Now, our Monoid definition is just a little tedious in this case, but imagine we have more fields on our case class. Writing this by hand can get a little unwieldy and error-prone (particularly since our case class has default fields). Can we abstract this further?

Let’s look at that Monoid definition again, specifically where we’re merging the fields -

Info(name1.orElse(name2), city1.orElse(city2), friendIds1 ++ friendIds2)

So for Option values we need to use .orElse, and for Vector values we need to use ++. Is there some abstraction that does this for us? Why yes, yes there is!

Enter MonoidK. It’s very similar to Monoid except it operates on a higher kind. It has a superclass: SemigroupK, but we’ll simplify the definition for now.

trait MonoidK[F[_]] {
  def combineK[A](x: F[A], y: F[A]): F[A]
  def empty[A]: F[A]
}

So we could abstract away our hand-written combines with -

import cats.MonoidK.ops._
import cats.instances.vector._
import cats.instances.option._
...
Info(name1.combineK(name2), city1.combineK(city2), friendIds1.combineK(friendIds2))

But that doesn’t really feel much better. It still requires us to write each field by hand and, strictly by programmer diligence, to not forget a field.

Ad tedium ⇒ Correctness

Let’s try to abstract away the field boilerplate with shapelessGeneric type class.

import shapeless._

val g = Generic[Info]
// g: shapeless.Generic[Info]{type Repr = Option[String] :: Option[String] :: scala.collection.immutable.Vector[Int] :: shapeless.HNil} = anon$macro$8$1@381fe083

g.to(Info())
// None :: None :: Vector() :: HNil

val hlist = g.to(Info(Some("foo"), None, Vector(1, 2)))
// Some(foo) :: None :: Vector(1, 2) :: HNil

g.from(hlist)
// Info(Some(foo),None,Vector(1, 2))

Generic allows us to convert our case class into an HList and back again. The intermediate HList representation provides us with ways to perform generic operations on the structure before we re-assemble it.

Let’s introduce our own type class called GMerge which will provide generic merging functionality for types which have a Generic instance (which includes all case classes) where all of the fields support MonoidK.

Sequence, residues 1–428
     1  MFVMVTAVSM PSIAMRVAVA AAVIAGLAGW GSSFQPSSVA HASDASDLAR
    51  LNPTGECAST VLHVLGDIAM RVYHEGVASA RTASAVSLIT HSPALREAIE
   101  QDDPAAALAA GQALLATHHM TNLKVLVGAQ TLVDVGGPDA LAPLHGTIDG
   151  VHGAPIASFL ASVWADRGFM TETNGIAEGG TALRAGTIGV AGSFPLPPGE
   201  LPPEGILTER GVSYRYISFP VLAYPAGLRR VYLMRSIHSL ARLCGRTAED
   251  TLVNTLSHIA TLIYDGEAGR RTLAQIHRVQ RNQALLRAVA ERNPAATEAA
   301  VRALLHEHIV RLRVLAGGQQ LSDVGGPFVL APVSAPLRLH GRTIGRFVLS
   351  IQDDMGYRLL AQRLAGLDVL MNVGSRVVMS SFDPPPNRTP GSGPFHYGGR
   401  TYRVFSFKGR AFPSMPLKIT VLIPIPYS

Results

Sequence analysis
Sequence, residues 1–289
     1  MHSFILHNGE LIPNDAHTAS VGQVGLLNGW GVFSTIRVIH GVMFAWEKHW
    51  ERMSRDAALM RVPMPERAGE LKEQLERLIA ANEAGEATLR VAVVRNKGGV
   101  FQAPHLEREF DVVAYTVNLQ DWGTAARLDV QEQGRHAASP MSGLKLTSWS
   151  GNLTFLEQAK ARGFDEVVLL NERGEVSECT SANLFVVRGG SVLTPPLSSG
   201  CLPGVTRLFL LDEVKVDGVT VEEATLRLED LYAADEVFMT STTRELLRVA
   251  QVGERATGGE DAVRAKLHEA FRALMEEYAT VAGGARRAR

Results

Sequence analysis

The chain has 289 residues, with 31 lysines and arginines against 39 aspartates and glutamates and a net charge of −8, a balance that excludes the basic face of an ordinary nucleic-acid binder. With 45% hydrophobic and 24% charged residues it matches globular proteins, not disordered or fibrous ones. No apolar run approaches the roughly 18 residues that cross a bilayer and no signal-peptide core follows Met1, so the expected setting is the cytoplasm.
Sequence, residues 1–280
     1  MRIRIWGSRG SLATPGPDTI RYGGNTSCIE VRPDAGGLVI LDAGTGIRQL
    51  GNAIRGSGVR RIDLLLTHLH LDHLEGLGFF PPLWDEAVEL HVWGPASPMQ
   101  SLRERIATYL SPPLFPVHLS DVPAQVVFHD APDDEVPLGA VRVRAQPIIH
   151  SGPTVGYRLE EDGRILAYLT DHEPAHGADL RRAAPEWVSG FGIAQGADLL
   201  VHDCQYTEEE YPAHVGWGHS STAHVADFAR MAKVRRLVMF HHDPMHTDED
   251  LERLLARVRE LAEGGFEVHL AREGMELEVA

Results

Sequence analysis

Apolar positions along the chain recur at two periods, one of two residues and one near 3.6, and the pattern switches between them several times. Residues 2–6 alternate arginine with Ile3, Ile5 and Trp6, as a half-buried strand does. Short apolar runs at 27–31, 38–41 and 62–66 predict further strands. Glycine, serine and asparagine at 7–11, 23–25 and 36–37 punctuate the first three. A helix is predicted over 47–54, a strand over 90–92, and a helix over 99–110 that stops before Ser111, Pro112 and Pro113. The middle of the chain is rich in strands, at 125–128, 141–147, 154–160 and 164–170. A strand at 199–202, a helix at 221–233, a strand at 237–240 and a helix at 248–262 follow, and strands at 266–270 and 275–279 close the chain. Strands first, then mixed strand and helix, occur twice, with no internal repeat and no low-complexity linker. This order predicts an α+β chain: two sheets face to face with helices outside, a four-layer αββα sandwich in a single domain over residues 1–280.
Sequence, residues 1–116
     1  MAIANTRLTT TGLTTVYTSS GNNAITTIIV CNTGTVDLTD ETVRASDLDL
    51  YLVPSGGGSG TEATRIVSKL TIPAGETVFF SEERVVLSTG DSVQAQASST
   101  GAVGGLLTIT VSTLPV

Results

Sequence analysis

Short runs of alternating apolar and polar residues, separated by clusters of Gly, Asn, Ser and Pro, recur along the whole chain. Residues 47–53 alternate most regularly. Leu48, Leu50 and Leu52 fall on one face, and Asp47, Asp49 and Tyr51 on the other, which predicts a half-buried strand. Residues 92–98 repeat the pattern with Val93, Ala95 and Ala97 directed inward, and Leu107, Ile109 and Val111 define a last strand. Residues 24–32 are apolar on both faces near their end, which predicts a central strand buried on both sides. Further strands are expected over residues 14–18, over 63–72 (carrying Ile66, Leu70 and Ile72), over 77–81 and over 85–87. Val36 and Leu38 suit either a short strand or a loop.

trait GMerge[A] {
  def merge(x: A, y: A): A
}

object GMerge {

  // Provide a helper method for summoning a GMerge instance.
  def apply[A: GMerge]: GMerge[A] = implicitly

  // Auto-derive an instance of GMerge.
  implicit def default[A]: GMerge[A] = new GMerge[A] {
    override def merge(x: A, y: A): A = ???
  }
}

Goal now is to implement the default method which derives our GMerge instance. Let’s start by just attempting to think about the logical flow.

  1. Obtain the generic representation (HList) of both x and y
  2. Zip the HList values together, producing an HList of Tuple2 ((B, B))
  3. Run a merging function over the zipped HList, merging the elements of each Tuple2 together with MonoidK, returning a new HList matching the original type structure.
  4. Convert the “merged” HList

In the case of Info, the types would look something like -

val x = Info(Some("foo"), None, Vector(1, 2))
val y = Info(None, Some("bar"), Vector.empty)
val g = Generic[Info]

val hlistX: Option[String] :: Option[String] :: Vector[Int] :: HNil = g.to(x)
// Some(foo) :: None :: Vector(1, 2) :: HNil

val hlistY: Option[String] :: Option[String] :: Vector[Int] :: HNil = g.to(y)
// None :: Some(bar) :: Vector() :: HNil

val zipped: (Option[String], Option[String]) ::
            (Option[String], Option[String]) ::
            (Vector[Int],    Vector[Int]) ::
            HNil = hlistX.zip(hlistY)
// (Some(foo),None) :: (None,Some(bar)) :: (Vector(1, 2),Vector()) :: HNil

You can actually run all of the code above in an Scala console for some defined x and y values. The next part, however, won’t work, but demonstrates the principle of what we need to do.

def f = ??? // Function for merging fields.
val hlistR: Option[String] :: Option[String] :: Vector[Int] :: HNil = zipped.map(f)
val result: Info = g.from(hlistR)

So somehow we need to build a function which can be mapped over an HList of Tuple2, merging the fields accordingly with MonoidK. Let’s take a whack at it.

def mergeTuple[F[_], V](t: (F[V], F[V]))(implicit F: MonoidK[F]): F[V] = t match {
  case (x, y) => F.combineK(x, y)
}

Let’s try it out -

mergeTuple((Option.empty[String], Option("bar")))
// res10: Option[String] = Some(bar)